The Romney campaign is going after another one of Obama's perceived strengths, the auto bailout:
This is a bizarre strategy, however, as the ad is based on a baldy misleading argument:
As the ad says, loans became difficult to obtain from both Wall Street financial institutions and the lending arm of General Motors. Some dealerships struggled to stay afloat or were forced to close due to the larger financial crisis and as the government takeover and subsequent structured bankruptcy led to less access to cash, according to the Center for Automotive Research (CAR). And jobs were lost during the bailout, but only a fraction of the number that would have been lost without it. The structured bankruptcy, however, was estimated to have led to the loss of 365,000 jobs compared an estimated 1.8 million jobs if the federal government did not intervene, according to a 2010 study by CAR.
Even Jennifer Rubin thinks the ad is a mistake:
Is Romney saying that in a "managed bankruptcy" these dealershiips wouldn’t have closed? If he is saying these guys got hit because the politically-connected UAW got special treatment, that would make sense. The ad doesn’t say that. In short, I don’t get the point of the ad. It seems to be written for the Obama campaign team and not the voters. On a scale of 1 to 10, 10 being Reagan’s "Morning in America," this is a 2. Maybe a 1.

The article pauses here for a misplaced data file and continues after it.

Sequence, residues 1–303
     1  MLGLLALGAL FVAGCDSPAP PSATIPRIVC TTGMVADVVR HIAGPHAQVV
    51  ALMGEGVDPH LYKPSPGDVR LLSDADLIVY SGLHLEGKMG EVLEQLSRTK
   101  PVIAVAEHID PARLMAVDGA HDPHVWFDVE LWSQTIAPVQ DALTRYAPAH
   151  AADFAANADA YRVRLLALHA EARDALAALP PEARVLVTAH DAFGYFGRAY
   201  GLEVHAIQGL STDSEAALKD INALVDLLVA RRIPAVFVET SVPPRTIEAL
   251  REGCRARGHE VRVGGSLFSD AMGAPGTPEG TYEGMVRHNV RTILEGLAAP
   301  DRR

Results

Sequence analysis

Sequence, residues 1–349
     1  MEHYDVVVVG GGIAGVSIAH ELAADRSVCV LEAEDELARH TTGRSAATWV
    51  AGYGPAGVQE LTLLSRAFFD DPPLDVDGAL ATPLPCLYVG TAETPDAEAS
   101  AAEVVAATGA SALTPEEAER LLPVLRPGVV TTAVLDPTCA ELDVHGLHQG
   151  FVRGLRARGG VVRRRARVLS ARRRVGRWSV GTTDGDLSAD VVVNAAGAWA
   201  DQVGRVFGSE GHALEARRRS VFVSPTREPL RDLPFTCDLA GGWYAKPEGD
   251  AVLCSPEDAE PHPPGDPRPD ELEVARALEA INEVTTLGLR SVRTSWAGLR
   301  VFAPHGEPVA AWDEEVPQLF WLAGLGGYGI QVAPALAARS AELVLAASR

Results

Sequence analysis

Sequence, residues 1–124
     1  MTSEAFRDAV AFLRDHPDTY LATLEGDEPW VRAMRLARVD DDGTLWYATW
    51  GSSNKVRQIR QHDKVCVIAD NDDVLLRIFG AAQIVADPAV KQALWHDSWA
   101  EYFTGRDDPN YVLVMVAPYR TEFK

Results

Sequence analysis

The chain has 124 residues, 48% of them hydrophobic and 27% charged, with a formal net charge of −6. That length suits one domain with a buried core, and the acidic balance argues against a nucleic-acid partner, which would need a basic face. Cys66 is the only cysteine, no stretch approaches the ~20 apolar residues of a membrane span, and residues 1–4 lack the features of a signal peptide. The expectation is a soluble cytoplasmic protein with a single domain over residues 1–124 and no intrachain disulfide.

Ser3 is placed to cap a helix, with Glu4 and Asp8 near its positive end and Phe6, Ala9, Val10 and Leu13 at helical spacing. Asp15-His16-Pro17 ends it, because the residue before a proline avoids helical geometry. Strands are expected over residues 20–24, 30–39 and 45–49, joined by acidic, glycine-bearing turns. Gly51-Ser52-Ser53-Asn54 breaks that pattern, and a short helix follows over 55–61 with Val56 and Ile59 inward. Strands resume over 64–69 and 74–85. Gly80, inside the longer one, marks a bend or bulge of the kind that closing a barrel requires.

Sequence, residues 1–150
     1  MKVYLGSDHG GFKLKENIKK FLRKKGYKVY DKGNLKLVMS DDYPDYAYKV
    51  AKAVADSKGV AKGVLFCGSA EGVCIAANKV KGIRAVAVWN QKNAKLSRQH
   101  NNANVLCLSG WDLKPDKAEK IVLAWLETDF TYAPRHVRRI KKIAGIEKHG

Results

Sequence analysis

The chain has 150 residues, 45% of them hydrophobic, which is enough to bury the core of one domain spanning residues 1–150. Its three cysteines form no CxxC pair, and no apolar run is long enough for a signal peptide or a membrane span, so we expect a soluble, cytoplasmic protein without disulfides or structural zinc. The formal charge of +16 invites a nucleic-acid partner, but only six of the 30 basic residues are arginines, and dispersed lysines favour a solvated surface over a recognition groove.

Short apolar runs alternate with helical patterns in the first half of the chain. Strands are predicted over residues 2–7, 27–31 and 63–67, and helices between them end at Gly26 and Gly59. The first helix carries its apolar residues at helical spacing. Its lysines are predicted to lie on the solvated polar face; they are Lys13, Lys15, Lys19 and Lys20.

Romney's campaign is also still using the Obama's "it worked" quote out of context and ad nauseum:
The Obama campaign uploaded a recording of the president's Ohio speech today in what is surely a preview of attack ads to come. His new rhetoric hinges on a new study that indicates Romney's tax plan will heavily favor the rich at the expense of everybody else. Meanwhile, in North Dakota, where Republican Congressman Rick Berg has already used his mom against Democrat Heidi Heitkamp in the Senate race, now he's deploying a whole table of old ladies:
As a complement to Shelley Berkley's country western radio ad we featured yesterday, here's a hip-hop one from Rep. Lacy Gray (D-MO):
Nicolas Pistor has context:
Clay is locked in a tight primary battle with U.S. Rep. Russ Carnahan. The two were thrown together in the 1st Congressional District after Missouri lost a seat after the recent U.S. Census. The primary is next Tuesday, August 7. Olympic icon Jackie Joyner-Kersee's voice is mixed into the hip-hop ad saying "vote Clay" and "mark it down, the 7th." It also features Clay's father, Bill Clay, who has represented the district for many years.
Ad war archive here.